A Black Skimmer flocks flies across a Florida beach, with the Gulf of Mexico in the background.
A Black Skimmer flocks flies across a Florida beach, with the Gulf of Mexico in the background.

Black Skimmers. Photo: Idangie Sein.
Black Skimmers. Photo: Idangie Sein.


Flying High: A Successful Holiday with our Nesting Shorebirds

by Idangie Sein, Seasonal South Pinellas County Anchor Steward.

Memorial Day Weekend. A time to celebrate the lives of those who sacrificed for our country.  

A day that just so happens to be right in the middle of nesting season.  

The birds and the bees are buzzing around the Florida beaches this time of year. Right smack in the middle of baby bird season is a holiday where hundreds of people flock to enjoy a sublime slice of Florida paradise—our beaches. 

Fort De Soto

It is one of the busiest, if not the busiest, holiday of the year for Fort De Soto, an active nesting site for state-Threatened species: Least Terns, Wilson’s Plovers, and Snowy Plovers. 

The weekend crowds always pose a potential risk for these small birds, as the terns and plovers nest on open, sandy beach habitat. Their ultimate defense is to camouflage so well into the sand that no one can see them. The problem is they are so great at blending in, no one can see them! Weekends like the Memorial Day holiday can often be calamitous for these little birds as unsuspecting beachgoers separate parents from their chicks or intrude upon active nesting sites or even step on the eggs.  

Luckily the birds made it through unscathed. In fact, two Wilson's Plover chicks hatched during the weekend and survived. Burgers flipped, hot dogs grilled, jet skis skadooshing by, and the birds still nested in peace. It is easy for some to miss the posted signs when the tide goes out and walk straight into the closed sanctuary, but those who mistakenly entered happily exited once they discovered the risks they imposed on the nesting shorebirds. Stewards hit the sand all weekend to inform and inspire those spending time with their families to Share the Shore with another family: the families of nesting birds.  

Shell Key

Chick crossing signs out at Shell Key near the ferry drop off were not so easy to miss, and dedicated volunteer stewards kept a watchful eye on the American Oystercatcher family, another of Florida’s threatened species, living out on the key. They educated those who did not initially see the family resting among the shady sea wrack on the shoreline in the hot sun. In past seasons, the crowds became so dense thatthe parent oystercatchers separated from their chicks, with their chicks then lost to the sea or a watchful predator nearby. This year, the little family stuck together to spend the little time they have left before their baby bird is ready to fly off on its own.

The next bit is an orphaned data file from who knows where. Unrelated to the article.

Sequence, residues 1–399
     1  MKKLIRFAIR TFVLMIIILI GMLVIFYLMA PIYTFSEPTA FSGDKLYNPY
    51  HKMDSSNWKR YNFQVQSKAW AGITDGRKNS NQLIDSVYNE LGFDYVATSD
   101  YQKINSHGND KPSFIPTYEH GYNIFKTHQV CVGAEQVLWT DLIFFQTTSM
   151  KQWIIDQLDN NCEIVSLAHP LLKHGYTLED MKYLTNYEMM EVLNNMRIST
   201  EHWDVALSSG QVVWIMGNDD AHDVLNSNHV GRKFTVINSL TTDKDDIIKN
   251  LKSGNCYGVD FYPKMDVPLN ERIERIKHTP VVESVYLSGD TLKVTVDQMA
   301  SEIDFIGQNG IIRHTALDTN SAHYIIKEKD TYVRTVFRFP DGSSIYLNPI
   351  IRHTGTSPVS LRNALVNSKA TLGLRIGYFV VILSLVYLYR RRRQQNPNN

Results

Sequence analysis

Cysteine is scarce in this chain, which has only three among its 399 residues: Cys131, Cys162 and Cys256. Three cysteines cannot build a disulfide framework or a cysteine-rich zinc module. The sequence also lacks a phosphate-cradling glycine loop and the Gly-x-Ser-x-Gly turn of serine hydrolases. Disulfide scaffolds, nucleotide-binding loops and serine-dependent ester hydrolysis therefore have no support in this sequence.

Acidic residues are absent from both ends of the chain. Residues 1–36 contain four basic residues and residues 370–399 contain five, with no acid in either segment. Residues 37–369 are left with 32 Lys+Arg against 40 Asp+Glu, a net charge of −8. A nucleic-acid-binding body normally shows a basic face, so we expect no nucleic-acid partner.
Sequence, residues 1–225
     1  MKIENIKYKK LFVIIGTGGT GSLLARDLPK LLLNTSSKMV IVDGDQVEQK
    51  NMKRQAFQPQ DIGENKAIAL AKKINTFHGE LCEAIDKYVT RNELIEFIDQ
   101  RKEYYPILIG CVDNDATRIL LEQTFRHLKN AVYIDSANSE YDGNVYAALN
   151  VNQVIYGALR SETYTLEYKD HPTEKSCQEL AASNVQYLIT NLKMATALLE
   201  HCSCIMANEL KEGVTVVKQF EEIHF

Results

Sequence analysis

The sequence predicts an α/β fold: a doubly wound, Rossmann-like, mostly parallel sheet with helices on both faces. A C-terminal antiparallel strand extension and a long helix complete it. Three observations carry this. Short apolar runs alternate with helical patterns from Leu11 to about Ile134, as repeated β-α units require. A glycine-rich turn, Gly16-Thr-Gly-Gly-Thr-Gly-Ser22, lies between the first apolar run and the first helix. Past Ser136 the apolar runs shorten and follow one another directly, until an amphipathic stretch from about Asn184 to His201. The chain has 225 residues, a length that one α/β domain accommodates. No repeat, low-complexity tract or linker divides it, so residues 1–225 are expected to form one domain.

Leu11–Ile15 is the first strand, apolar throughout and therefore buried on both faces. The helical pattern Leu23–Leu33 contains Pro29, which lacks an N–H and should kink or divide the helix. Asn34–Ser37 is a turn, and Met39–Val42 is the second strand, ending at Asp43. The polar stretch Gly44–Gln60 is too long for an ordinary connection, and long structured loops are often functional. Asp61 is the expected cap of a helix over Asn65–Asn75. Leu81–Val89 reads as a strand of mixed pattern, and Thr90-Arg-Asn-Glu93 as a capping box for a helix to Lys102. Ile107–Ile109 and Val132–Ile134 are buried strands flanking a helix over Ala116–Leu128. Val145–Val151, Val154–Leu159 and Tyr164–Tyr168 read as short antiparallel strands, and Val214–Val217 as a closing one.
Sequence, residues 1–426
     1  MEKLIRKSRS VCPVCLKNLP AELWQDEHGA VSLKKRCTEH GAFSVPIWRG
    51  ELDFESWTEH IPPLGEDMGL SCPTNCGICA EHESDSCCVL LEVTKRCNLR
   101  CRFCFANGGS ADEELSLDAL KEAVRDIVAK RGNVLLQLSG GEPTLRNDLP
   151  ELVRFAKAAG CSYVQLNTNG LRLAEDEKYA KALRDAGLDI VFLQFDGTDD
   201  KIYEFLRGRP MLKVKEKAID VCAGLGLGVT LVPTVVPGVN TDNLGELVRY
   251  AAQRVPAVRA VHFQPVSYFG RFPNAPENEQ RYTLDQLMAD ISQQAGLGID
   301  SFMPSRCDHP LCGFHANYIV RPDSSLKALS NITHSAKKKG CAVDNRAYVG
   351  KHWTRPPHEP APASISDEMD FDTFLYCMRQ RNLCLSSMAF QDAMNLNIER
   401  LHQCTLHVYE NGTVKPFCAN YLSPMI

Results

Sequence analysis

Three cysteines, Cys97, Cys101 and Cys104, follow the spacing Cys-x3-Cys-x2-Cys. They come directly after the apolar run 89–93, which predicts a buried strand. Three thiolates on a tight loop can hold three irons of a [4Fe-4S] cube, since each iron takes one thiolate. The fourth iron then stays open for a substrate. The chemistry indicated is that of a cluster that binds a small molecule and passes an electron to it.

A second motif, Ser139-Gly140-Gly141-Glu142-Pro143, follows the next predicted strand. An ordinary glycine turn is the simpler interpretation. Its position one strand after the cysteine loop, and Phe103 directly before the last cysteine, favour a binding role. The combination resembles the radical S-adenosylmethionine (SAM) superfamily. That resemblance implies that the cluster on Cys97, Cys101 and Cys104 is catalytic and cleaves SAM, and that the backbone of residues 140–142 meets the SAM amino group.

St. Pete Beach

The Black Skimmers nesting out on St. Pete Beach were left to contentedly snuggle with their incubating broods, and many locals stopped by to mention how lovely it was to see them back again this year after the traumatic events of last year’s nesting season. Prior to the failure of the colony due to intense coyote predation, the skimmers suffered in part to human interference. Individuals entered the posted area to intentionally disturb eggs and chicks (don’t do this, it’s illegal), and fireworks set off too closely or even thrown among the nests frightened the skimmers away from protecting their nests. With Fourth of July Weekend coming up, we are hoping to spread the word about the detrimental impact fireworks can have on the colony so they don’t have the same experience. Thanks to an ongoing bird banding project, we know that some of the skimmers among the smaller colony this year were actually born on St Pete Beach, back home hoping to raise the next generation.  

Thank You!

Memorial Day Weekend nesting success is all thanks to those who volunteer their time to share their love for these wondrous species of birds. Education plays a substantial role in the public’s interpretation of these big roped off areas placed out to protect the nesting sites. Giving these shorebird species their space and respecting their nesting areas are two simple ways everyone can help these species survive, and hopefully, one day, thrive.  

Thank you to all our dedicated Audubon stewards and to all those who came out this holiday willing to share the shore.  

How you can help, right now